In-vehicle infotainment or IVI, is possibly the single biggest feature considered by the new generation of customers when buying a car. The main IVI concerns about customers are safety, navigation, and security. With connected and autonomous cars potentially vulnerable to hacking, security takes pole position.
“As safety-critical tell-tales make their way onto digital instrument cluster displays, developers must ensure that their systems meet strict requirements for the design and architecture of hardware and software,” says software company Altia, which provides graphical user interface (GUI) design and development tools that can be used from concept to final product code.
Altia ISO 26262 engineering software and services provide functionally safe embedded HMIs (human-machine interfaces). Its automotive customers include OEMs and Tier 1s Continental Automotive, Denso, Fiat Chrysler Automobiles, Ford Motor Company, General Motors, Honda, Renault, Magneti Marelli, Nippon Seiki, Valeo, and Visteon, according to the company.
In his keynote address at ScaleUp 360 Car HMI USA, which was held in November 2020, Altia CEO Mike Juran described the car cockpit as “a battleground between big tech, OEMs and drivers. OEMs need to build stuff that is critical to the driver – these include critical functions such as safety, security, critical connected services and critical vehicle functions”.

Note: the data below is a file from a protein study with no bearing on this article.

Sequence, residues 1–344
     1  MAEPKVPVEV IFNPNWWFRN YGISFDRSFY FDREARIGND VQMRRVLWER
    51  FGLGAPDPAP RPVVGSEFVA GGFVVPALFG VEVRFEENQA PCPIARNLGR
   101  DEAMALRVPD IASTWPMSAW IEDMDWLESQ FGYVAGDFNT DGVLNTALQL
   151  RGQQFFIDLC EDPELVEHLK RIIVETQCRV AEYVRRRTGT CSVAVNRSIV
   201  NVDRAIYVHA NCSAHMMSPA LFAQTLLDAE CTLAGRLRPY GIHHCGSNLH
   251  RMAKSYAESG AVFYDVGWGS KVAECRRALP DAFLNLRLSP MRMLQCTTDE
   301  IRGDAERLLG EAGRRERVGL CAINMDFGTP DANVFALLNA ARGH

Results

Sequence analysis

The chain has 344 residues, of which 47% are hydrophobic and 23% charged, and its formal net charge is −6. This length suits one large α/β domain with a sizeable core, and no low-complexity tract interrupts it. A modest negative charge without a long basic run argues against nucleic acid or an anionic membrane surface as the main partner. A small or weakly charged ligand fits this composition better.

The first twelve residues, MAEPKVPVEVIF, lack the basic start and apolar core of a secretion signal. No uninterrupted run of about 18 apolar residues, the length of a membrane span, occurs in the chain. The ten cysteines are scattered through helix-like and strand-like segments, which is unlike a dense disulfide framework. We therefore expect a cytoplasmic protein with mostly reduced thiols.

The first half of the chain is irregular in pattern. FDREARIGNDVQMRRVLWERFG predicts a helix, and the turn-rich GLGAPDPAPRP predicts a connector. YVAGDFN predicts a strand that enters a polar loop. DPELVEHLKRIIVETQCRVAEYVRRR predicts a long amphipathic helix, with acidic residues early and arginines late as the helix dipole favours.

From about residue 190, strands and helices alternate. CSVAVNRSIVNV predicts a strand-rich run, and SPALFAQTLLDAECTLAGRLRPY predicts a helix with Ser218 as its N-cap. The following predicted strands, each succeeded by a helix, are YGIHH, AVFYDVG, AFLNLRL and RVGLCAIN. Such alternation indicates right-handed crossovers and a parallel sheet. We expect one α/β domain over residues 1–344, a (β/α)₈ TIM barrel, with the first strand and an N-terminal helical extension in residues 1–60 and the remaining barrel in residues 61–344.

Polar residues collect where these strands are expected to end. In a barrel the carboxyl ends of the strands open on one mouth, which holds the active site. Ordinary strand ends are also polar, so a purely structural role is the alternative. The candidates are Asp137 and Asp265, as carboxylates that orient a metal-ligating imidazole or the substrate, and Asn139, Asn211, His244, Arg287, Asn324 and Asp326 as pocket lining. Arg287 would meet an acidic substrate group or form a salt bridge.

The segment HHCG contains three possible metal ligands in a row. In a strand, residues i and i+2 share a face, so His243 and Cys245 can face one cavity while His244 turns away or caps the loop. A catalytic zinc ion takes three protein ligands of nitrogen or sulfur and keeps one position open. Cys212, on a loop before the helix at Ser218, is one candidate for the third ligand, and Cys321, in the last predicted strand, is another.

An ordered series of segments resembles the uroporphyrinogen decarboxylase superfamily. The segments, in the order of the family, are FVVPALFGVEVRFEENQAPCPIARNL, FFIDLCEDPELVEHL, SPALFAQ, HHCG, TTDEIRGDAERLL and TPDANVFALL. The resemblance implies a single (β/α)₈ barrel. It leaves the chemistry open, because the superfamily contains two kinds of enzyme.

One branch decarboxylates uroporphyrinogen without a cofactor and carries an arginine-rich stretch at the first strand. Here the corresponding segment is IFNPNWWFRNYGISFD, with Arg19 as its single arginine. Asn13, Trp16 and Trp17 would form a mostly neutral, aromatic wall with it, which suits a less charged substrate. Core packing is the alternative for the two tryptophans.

An example is Denso International America (DIAM), the North American subsidiary of Denso Corporation. Its products include infotainment and safety systems, human machine interface solutions and head up displays. Nhi Pham, a DIAM team leader at the time, says Altia was chosen as a development partner because “Altia’s code generator is extremely efficient, producing code with a very low memory footprint. But just as valuable to us was the company’s commitment to customer support. Altia has always been there for DIAM to support the most difficult technical issues. We value them as an extension of our team,” says Pham, now DIAM’s Director of Software Engineering.